When faced with dwindling vocations, these nuns created a legacy.
Le Monastère describes itself as “a haven of heritage, culture and wellness” that utilizes centuries-old Augustinian healing traditions to care for their guests. Along with all the accommodations one would expect from a high-end hotel, visitors are offered a chance to experience the unique heritage of the Sisters through various programs, an on-site museum, restaurant, and boutique.
Isabelle Duchesneau, the facility’s executive director, told Travel and Leisure that the center hopes to strike a balance between scientific and holistic treatments:
“Originally, medicine and healing were almost purely holistic, with little physical science. Then we went almost completely the other way, pretty much all science and a focus only on the physical. We hope people will use the best approaches from both ends of the spectrum, and create a balanced approach to care.”
She added, “All profits go back into the social mission of providing care to those who seek it—including other caregivers.”
Le Monastère employs doctors, psychologists, and masseuses to offers a variety of treatments, including: sleep therapy, posture instruction, holistic health evaluations, aromatherapy, and reflexology. During their stay, guests will be instructed on proper nutrition, and the in-house restaurant prepares naturally cooked, locally grown, organic foods to help you on your way to a healthier life.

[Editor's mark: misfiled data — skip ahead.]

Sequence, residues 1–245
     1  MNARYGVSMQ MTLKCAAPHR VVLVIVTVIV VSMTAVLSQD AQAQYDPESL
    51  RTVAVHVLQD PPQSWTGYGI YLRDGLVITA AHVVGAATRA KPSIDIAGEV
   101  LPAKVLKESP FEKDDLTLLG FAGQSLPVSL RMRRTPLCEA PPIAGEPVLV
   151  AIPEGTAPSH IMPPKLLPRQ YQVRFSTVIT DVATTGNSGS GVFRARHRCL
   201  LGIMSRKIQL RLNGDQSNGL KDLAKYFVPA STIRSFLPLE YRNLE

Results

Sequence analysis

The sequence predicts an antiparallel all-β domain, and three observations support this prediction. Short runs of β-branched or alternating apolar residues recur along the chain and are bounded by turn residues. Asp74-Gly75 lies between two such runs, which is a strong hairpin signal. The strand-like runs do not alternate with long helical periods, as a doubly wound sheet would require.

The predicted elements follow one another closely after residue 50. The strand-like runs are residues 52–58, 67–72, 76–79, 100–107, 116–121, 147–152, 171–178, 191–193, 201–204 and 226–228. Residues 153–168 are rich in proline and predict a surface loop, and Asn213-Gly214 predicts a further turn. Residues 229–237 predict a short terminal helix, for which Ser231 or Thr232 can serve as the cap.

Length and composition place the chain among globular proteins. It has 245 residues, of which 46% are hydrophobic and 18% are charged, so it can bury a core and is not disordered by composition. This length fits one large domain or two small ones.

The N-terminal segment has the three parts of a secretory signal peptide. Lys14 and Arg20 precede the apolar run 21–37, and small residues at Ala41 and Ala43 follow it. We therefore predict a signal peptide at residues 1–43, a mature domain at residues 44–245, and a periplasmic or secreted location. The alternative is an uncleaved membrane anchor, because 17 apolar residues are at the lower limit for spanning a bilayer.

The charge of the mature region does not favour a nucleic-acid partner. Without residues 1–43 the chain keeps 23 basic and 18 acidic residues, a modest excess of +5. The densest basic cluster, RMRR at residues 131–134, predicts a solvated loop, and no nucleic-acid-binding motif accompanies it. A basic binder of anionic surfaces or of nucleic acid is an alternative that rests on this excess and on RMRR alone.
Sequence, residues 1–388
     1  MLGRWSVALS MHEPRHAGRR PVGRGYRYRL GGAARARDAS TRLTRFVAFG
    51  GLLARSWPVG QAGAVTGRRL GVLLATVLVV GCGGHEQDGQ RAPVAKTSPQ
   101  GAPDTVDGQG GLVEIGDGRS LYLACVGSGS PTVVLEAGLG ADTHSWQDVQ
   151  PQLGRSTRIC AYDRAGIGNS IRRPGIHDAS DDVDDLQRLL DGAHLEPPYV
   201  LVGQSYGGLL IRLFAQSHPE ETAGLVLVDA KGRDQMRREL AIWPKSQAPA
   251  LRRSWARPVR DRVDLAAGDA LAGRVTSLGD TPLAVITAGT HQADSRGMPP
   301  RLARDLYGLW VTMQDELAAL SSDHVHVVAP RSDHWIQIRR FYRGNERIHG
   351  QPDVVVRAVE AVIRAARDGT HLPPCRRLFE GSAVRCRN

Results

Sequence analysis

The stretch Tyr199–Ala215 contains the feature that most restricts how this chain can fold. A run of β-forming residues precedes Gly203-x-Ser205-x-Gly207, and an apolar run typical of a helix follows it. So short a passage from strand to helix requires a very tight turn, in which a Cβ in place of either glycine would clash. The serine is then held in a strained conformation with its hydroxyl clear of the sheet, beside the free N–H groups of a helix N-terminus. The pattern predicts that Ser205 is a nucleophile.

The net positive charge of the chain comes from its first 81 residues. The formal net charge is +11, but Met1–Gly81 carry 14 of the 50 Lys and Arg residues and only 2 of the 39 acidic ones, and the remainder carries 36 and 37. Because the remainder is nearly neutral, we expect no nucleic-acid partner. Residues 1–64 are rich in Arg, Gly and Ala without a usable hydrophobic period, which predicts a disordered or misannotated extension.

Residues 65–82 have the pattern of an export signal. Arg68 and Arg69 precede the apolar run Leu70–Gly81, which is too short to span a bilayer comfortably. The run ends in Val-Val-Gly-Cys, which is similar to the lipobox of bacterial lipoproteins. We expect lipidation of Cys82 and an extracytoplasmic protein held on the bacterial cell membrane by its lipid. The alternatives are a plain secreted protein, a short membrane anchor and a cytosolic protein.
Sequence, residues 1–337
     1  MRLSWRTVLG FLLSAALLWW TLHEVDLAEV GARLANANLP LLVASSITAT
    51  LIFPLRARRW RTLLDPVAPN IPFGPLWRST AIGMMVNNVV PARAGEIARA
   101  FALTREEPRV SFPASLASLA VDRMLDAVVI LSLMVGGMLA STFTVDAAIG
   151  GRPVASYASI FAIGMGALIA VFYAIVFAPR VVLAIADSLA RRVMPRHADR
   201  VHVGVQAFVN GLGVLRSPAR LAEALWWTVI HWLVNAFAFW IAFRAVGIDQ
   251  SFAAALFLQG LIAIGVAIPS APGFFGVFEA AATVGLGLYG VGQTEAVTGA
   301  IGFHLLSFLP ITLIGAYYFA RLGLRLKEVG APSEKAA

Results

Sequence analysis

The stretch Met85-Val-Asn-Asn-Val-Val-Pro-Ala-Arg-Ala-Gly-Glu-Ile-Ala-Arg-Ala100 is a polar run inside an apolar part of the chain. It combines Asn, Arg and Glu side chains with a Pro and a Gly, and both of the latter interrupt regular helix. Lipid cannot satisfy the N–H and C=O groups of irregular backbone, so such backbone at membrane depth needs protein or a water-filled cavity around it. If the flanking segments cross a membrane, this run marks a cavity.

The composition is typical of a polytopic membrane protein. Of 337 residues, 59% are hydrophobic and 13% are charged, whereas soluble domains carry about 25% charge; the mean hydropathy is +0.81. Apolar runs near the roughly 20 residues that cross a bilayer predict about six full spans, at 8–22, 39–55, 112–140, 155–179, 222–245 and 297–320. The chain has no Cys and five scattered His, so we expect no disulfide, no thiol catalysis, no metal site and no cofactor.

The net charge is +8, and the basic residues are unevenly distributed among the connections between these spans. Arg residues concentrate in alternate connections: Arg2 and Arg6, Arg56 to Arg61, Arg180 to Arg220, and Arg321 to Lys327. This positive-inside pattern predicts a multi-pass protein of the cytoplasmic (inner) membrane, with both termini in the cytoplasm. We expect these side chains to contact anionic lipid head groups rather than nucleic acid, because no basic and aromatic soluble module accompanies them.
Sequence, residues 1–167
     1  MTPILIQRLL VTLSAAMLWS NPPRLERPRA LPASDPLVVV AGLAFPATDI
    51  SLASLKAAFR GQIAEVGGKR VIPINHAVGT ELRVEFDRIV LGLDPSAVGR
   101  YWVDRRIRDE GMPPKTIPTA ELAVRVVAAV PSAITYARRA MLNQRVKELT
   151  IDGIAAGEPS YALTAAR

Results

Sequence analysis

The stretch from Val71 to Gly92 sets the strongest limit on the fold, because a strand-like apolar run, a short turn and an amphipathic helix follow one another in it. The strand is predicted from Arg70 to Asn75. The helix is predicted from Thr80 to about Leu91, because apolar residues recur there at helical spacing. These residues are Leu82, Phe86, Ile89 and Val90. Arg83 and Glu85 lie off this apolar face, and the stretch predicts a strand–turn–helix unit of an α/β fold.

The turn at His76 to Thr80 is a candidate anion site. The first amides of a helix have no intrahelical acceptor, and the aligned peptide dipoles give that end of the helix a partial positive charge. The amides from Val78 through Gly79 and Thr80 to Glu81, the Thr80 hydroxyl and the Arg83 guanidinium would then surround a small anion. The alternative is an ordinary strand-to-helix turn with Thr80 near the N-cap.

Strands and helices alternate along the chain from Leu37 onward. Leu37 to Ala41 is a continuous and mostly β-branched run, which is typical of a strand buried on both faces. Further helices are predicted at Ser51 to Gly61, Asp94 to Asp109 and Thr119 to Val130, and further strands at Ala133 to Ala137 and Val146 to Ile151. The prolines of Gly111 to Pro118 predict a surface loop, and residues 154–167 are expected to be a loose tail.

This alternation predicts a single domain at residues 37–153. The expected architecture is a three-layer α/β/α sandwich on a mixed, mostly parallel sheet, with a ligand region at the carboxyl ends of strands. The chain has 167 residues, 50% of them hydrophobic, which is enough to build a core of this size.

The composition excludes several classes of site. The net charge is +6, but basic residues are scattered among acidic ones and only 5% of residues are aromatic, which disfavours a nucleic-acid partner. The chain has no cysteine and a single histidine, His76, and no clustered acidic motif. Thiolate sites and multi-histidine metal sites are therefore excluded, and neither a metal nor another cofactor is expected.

Guests can choose between an “authentic” room, which tries to recreate the room of an Augustinian nun from the 18th century, or a “contemporary room” that is still minimalist but has a few more amenities. None of the rooms have televisions and guests are encouraged to leave their devices at the door. At Le Monastère des Augustines, a good book and conversation are all the entertainment you’ll need.
The entire first floor of the old hospital has been converted into a museum, which displays centuries-old furniture, paintings, writings, ceramics, and gifts from Native Americans that the Augustinian Sisters have preserved. Their exhibits and massive archive, which includes nearly a kilometer of manuscripts, were all donated by the Augustinian Sisters of the Mercy of Jesus, who still live in the building’s Saint-Augustin wing.
Although the sisters are an ever-present influence on the site, they have very little to do with the day-to-day operations of Le Monastère des Augustines. They explain on their website that when faced with declining vocations, they “made the choice to hand on their valuable heritage to the public.” It is to this end that the museum stands as a valuable cultural reminder, which is worth exploring.
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